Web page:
Luigi and Melina Fiume arrived in Yellowknife in the fall of 1956 with $25 and a couple of suitcases filled with clothing unsuitable for the climate, according to their son, Roberto Fiume.
Luigi, 25, and Melina, 20, emigrated from Napoli, Italy, on the advice that there were jobs in Canada. They worked their way from Halifax to the NWT and arrived without a lick of English.
“They didn’t choose Yellowknife,” said Roberto. “Yellowknife chose them.”
Luigi worked for 25 years at Con Mine and Melina raised three children: Roberto, Elena and Teresa, and often hosted others in their home.
“My mom fed all the neighbourhood kids,” said Roberto.
Luigi’s dream was to open up a pizzeria and deli, and in 1979, while still working at the mine, he launched Luigi’s on 53 Street, now the site of Bruno’s Pizza.
“We started in a double-wide trailer and it evolved and grew rapidly,” said Roberto.
Luigi’s sold deli meat; baked pastas, such as tortellini and ravioli; and pizza baked on cookie sheets. For many, it was the first authentic Italian food they had ever tried.
Roberto recalled a story his neighbour, Brain Piro, told him.
“My dad walked over to the Piro’s and asked, ‘Can you show me how to change the spark plugs? I just need to see it done once, and I got it.’ Twenty minutes later, he returned and handed them food. They looked at it and said, ‘I read about this in an Archie comic: I think it’s pizza!’ It took us 40 years but now everyone is eating pizza.”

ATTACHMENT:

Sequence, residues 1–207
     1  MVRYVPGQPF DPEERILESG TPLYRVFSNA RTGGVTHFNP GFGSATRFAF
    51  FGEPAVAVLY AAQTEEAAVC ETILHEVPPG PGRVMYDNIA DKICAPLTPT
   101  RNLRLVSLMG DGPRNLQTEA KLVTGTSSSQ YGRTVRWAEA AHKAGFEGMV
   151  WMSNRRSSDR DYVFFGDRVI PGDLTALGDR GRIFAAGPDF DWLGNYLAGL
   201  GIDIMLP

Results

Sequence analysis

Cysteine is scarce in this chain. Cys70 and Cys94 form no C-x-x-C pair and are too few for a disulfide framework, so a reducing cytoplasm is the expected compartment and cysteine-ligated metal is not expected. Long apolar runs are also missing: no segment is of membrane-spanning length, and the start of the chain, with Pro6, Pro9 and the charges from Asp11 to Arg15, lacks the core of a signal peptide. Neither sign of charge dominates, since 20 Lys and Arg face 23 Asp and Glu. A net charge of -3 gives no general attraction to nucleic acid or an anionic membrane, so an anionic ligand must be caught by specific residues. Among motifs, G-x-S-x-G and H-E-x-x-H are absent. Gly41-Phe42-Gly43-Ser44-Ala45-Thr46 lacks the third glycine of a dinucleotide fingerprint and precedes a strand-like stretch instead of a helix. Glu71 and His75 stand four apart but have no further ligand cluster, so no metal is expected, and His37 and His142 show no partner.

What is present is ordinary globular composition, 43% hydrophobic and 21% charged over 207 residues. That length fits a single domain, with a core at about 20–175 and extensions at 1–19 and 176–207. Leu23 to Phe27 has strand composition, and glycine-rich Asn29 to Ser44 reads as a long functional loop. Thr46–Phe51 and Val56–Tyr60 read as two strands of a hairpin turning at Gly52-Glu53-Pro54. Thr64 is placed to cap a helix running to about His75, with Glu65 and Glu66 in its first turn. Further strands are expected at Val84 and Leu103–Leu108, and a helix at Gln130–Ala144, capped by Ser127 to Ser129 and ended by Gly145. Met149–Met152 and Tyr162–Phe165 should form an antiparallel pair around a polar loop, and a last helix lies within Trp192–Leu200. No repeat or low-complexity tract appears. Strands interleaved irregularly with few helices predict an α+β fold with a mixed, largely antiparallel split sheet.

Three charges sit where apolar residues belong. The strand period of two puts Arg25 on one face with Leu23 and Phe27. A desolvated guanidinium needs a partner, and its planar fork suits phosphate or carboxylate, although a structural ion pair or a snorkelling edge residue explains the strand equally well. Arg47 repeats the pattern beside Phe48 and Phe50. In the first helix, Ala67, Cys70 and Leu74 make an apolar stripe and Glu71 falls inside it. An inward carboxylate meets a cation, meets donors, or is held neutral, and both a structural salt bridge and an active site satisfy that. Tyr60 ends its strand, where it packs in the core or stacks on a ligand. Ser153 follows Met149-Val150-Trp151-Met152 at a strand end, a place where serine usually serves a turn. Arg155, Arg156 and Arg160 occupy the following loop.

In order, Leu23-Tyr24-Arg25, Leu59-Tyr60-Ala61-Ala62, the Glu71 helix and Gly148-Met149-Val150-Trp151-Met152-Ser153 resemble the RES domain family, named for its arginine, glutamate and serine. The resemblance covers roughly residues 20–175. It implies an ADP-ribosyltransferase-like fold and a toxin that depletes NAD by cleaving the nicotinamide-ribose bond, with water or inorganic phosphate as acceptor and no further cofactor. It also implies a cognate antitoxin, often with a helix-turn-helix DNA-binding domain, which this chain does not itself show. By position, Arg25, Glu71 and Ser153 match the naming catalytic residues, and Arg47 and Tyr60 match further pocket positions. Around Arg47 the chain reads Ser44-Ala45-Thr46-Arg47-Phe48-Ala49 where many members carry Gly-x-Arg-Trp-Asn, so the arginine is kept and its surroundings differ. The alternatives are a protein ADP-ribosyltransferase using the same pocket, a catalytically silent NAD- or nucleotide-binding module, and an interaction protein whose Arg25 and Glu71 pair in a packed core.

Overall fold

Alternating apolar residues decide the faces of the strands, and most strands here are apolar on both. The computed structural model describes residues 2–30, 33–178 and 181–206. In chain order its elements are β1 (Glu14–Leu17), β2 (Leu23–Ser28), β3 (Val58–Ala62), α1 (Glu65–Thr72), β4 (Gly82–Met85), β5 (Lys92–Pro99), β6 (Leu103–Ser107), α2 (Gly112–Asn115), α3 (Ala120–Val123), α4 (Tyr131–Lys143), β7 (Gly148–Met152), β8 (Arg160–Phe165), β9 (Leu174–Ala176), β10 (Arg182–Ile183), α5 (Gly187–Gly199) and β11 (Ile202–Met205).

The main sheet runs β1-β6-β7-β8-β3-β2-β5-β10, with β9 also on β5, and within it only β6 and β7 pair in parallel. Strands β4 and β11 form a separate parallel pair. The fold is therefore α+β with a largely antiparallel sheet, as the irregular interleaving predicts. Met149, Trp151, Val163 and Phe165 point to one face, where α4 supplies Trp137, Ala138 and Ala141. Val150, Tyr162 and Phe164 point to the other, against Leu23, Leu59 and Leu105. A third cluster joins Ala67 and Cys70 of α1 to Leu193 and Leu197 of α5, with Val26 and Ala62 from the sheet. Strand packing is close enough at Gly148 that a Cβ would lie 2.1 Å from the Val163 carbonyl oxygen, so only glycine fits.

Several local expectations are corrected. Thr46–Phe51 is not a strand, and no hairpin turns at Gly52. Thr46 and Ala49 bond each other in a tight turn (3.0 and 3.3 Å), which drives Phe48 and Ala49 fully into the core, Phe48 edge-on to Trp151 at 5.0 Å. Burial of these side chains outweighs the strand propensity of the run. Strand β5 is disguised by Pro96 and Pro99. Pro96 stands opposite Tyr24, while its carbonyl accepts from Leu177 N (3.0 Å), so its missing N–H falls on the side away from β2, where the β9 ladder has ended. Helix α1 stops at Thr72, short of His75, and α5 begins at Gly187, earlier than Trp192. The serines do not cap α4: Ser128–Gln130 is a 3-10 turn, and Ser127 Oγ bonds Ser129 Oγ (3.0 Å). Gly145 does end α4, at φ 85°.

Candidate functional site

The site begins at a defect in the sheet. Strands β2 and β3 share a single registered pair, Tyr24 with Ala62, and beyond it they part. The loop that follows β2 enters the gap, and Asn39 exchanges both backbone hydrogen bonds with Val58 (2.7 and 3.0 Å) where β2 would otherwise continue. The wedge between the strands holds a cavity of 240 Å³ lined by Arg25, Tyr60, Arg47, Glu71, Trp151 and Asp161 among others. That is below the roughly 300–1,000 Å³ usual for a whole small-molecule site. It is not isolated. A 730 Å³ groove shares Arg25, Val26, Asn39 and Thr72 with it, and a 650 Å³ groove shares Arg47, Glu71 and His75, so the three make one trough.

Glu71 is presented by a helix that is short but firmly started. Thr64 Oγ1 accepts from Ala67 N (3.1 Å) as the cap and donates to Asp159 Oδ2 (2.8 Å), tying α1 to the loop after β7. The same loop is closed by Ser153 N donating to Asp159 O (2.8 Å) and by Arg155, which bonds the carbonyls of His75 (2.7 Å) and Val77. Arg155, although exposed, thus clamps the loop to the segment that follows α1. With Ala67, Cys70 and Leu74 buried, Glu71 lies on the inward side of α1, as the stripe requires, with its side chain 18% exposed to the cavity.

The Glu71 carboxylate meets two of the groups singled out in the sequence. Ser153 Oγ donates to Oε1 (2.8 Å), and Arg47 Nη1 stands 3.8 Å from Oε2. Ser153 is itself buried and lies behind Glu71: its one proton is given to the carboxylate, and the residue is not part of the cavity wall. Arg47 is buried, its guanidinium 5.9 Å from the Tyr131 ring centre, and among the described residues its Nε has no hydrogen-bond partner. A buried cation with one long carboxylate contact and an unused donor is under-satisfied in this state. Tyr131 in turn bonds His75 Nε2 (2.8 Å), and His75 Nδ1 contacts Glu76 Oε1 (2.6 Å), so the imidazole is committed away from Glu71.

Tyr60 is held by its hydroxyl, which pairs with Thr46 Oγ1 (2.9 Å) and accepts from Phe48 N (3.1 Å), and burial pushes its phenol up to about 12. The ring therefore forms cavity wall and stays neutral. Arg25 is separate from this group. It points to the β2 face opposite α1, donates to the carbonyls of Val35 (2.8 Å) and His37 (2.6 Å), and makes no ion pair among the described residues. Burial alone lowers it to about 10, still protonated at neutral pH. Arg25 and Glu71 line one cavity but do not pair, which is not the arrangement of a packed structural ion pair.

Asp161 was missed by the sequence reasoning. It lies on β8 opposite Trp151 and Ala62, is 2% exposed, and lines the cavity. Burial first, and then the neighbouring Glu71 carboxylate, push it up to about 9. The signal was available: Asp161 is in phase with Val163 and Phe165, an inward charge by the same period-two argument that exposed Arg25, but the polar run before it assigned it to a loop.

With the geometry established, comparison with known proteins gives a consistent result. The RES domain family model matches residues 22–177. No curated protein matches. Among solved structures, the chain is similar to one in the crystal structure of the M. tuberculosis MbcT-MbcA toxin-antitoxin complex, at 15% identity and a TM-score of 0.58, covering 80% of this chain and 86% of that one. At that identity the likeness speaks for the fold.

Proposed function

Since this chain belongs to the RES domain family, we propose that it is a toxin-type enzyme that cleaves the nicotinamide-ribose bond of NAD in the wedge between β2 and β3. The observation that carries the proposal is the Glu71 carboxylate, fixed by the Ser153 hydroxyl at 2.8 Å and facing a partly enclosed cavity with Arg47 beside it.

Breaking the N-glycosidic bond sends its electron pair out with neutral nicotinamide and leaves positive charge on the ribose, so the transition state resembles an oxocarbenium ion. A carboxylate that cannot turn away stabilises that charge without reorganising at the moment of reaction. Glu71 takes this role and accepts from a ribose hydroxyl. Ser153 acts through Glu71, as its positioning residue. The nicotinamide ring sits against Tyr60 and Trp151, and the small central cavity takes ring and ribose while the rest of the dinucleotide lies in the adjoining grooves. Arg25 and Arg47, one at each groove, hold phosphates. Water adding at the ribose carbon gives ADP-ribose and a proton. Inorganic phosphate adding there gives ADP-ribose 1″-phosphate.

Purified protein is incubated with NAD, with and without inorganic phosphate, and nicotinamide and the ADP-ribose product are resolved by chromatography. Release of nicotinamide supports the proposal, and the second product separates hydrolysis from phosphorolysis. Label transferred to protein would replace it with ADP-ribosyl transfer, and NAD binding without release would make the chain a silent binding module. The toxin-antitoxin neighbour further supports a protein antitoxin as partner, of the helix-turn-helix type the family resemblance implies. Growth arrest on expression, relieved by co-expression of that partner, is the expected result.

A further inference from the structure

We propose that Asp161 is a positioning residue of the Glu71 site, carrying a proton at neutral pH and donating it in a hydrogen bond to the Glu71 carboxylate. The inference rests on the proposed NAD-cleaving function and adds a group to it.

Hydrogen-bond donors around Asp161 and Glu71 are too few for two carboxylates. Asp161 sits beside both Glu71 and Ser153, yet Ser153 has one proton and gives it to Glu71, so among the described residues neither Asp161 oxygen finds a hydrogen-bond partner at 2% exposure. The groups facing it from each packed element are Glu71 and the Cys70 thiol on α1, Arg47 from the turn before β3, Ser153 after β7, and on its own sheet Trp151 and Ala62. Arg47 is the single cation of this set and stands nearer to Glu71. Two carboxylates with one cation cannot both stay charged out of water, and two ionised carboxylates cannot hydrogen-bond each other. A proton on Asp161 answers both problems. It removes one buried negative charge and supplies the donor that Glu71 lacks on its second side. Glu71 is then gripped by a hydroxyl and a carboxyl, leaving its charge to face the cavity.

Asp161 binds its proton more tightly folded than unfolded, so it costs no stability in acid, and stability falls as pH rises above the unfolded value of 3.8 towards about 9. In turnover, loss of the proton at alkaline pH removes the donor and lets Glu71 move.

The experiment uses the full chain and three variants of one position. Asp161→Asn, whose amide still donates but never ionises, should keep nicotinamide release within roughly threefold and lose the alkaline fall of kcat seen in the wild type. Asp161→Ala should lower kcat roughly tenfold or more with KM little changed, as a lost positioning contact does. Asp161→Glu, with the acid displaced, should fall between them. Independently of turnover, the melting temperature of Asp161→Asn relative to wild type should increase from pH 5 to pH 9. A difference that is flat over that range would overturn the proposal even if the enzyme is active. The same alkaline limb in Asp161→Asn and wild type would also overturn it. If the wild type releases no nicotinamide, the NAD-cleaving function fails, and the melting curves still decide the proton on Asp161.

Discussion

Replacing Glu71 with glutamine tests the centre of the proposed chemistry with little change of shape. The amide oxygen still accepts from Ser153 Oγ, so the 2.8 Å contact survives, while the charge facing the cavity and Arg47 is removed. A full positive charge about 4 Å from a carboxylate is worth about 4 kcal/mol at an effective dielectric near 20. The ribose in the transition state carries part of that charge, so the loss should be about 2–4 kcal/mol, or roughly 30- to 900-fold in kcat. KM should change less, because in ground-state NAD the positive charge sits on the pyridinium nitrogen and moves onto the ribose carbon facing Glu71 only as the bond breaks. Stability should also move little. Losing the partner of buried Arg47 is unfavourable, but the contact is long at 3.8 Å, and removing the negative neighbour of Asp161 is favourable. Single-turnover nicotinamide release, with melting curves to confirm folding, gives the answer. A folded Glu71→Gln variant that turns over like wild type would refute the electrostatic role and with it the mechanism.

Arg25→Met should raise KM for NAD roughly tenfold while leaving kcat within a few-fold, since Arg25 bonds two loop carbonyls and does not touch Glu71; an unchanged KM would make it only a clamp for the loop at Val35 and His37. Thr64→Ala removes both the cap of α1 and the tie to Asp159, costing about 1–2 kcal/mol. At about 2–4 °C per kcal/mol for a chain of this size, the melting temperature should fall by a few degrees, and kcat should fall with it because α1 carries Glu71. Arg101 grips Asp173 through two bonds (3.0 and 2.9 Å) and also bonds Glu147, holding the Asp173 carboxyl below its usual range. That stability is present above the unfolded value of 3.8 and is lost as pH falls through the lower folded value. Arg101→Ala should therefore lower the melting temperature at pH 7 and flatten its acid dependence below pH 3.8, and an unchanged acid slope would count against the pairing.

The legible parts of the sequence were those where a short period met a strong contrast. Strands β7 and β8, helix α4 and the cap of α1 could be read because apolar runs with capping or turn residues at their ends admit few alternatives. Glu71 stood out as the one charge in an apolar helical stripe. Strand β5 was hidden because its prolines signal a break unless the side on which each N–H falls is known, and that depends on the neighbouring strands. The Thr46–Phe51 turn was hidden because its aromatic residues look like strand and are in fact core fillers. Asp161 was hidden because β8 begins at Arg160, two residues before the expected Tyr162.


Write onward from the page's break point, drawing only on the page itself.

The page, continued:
Within six months, the eatery took off.
“My father was really good with numbers so he had calculated, to the exact day, when he could retire from the mine,” said Roberto.
They frequently offered something new, like the first ‘take and bake’ pizzas, and the Co-Op would order a couple hundred of those per week.
Luigi started to import speciality cheeses and meats by request.
“We also had mining and other work camps buy whole prosciutto from us as it is salt and smoked cured, and they could buy a lot of them and that would help them feed their workers while they were cut off during freeze up and thaw,” Roberto recalled.
Luigi worked quietly and diligently.
“He would really think about what he said. And basically all were welcome, and he tried to make the same quality of food for everyone,” said Roberto.
In 1986, after 30 years in Yellowknife, the family decided to sell the business and move. Both sisters were at attending classes at the University of British Columbia. So the Fiumes bought a property in West Kelowna, where Melina still lives.
“My dad didn’t want to leave, that was his baby,” Roberto said of the pizzeria.
Roberto and his family built Ciao Bella Winery in West Kelowna, and over the years, many of Luigi’s friends made the trip south from Yellowknife to visit them.
Luigi passed away in 2018 at age 87.
“I’m grateful he got to see the start of Ciao Bella,” said Roberto.
In fact, Luigi’s photo sits on Roberto’s desk, as though the patriarch is still watching over his family.